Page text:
There is still plenty of danger surrounding Kaylin especially since it looks like she will be meeting the Dragon Emperor soon. I really enjoyed learning about the Tha'alani, and their history as a people, they are a very interesting race. This series is progressing really well and I'm looking forward to reading the next book, Cast in Fury. (less)
This is the fourth book in the series and takes place almost immediately after the last book, Cast in Secret. Each book seems to have a theme. The fir...moreThis is the fourth book in the series and takes place almost immediately after the last book, Cast in Secret. Each book seems to have a theme. The first, Cast in Shadow was about the life and struggles of the main character Kaylin Neya and her relationship with Severn, her sort-of adopted older brother. The second, Cast in Courtlight examines the Barrani race and their customs. The third, Cast in Secret examines the Tha'alani race and their history. This book examines the Leontine race, where we get to meet Marcus's pridlea (his family) and we gain more insight into Marrin's life before she founded the Foundling Hall (an orphanage).
Again this story is based around Kaylin's love of children and the fact that she will do anything to protect them but this doesn't take anything away from the story. There wasn't a lot of character growth in this one (but then we've had quite a lot in the other books) other than Kaylin finally being able to keep her mouth shut, stopping herself from getting into (most likely, more) trouble.
Through the markings on her body Kaylin seems to be tied to the Old Ones who created the races and is thereby connected to the races themselves. It looks like the author maybe looking to set Severn up as an 'appropriate' love interest for Kaylin despite the brotherly relationship she has with him, on the otherhand Nightshade seems very interested but Kaylin does her best to ignore it which is probably for the best.
Overall this was another interesting read with a lovely ending. The world, races and characters that the author has created are so detailed and intricately woven together with natural character growth and plot progression, make this series seem so realistic. I hope we get to read more about the Dragons next and maybe even meet the Dragon Emperor himself. (less)
Yelena was convicted of murdering a General’s son and was sentenced to death. As she is walking to her death she is redirected to Valek’s (chief of se...moreYelena was convicted of murdering a General’s son and was sentenced to death. As she is walking to her death she is redirected to Valek’s (chief of security) office where she is offered a choice: the noose or becoming the food taster for the Commander. Only the next convict sent to their death after the predecessor has died can become the new food taster as it is a death sentence anyway. Yelena accepts Valek’s offer but she is not only in danger from possible poisons in the Commander’s food but her life is threatened by the grieving General whose son she killed.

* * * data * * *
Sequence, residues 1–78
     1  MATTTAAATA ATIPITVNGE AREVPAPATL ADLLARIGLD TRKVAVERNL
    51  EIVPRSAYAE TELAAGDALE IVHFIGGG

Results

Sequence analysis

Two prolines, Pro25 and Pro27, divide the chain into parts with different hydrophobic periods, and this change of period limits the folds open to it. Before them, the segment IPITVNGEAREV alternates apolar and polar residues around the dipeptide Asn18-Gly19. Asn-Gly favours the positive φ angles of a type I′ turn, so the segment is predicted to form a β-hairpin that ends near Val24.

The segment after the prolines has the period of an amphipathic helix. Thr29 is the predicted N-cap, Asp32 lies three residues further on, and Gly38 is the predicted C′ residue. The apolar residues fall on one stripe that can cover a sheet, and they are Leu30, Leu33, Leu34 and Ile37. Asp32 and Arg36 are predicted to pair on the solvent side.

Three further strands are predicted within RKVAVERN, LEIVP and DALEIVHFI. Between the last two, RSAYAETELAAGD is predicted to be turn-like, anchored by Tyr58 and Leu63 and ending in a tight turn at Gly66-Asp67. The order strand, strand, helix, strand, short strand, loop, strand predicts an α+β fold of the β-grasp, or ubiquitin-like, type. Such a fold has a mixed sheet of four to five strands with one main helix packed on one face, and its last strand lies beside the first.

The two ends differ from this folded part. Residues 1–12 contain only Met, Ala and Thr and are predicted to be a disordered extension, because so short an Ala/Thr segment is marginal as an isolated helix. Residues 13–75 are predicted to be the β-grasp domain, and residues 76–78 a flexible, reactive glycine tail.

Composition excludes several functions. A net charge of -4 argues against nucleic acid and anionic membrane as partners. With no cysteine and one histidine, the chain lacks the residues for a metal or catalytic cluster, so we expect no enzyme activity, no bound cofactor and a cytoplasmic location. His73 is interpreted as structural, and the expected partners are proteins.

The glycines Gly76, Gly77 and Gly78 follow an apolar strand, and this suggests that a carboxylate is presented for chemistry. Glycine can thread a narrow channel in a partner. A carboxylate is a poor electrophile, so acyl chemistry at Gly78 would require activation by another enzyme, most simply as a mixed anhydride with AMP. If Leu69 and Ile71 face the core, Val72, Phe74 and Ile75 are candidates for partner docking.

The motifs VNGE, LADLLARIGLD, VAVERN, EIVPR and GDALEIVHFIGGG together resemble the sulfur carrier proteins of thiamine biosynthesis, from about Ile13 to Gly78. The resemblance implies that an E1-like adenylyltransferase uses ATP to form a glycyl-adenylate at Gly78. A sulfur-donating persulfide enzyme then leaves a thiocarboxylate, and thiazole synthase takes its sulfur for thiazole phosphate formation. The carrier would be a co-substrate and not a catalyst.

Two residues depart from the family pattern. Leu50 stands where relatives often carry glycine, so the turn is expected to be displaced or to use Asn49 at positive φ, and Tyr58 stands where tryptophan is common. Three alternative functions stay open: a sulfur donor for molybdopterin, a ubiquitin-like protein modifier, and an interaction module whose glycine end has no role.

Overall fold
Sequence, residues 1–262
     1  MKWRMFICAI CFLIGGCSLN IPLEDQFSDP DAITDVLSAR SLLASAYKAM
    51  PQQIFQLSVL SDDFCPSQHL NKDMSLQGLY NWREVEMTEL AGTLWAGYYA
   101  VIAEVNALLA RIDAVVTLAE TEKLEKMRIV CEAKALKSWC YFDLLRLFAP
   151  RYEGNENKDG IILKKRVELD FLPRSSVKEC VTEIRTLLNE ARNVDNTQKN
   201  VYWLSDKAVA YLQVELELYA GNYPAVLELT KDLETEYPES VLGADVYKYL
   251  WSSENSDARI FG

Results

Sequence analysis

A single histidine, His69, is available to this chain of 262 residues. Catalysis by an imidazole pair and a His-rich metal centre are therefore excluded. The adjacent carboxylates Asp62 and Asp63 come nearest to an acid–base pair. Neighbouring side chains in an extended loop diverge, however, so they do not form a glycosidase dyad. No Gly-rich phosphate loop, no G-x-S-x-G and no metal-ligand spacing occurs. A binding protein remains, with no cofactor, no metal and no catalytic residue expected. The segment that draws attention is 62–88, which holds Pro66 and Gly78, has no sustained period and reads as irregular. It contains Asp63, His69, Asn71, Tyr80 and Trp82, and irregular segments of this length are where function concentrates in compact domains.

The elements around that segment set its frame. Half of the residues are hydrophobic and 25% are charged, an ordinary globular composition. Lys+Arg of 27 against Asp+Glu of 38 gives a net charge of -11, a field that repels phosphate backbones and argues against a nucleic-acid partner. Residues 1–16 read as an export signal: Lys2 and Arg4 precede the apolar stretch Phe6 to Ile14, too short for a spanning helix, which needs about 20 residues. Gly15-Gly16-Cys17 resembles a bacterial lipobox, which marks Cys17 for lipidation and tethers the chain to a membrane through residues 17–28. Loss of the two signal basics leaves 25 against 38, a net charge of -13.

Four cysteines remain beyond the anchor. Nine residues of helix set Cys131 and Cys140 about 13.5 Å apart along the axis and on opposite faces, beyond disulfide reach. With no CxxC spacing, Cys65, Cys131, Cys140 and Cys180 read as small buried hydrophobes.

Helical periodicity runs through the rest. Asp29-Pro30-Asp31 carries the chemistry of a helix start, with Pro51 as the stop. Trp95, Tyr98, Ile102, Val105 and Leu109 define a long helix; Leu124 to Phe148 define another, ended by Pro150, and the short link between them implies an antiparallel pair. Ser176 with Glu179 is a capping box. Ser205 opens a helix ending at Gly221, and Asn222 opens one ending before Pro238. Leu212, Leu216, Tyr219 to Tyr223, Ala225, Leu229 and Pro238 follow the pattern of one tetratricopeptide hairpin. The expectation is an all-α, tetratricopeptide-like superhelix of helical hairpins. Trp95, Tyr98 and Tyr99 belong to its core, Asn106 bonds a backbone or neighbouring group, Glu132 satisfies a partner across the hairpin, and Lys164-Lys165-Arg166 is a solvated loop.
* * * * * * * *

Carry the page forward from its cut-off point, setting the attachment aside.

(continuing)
When Yelena was convicted no one knew her motive for the murder so everyone believes she is a cold-blooded killer, though Valek rightly begins to suspect otherwise. In this society any unnatural death is murder and therefore the punishment is always execution.
I was intrigued by the political structure in this society. The monarchy was overthrown by the current Commander and a new military structure was put into place. It seems like a very communist society for example, every child at age 12 is assigned a job based on their skills and is entered into training and every person must wear a uniform according to their political and social standing. This is very different to most of the fantasy books I have read.
Yelena was very well written. She is a victim to begin with, she would run away at the first sign of trouble but as she is put in more and more danger she decides to find people to teach her some fighting skills. She becomes more confident and stands up to those that are bullying her.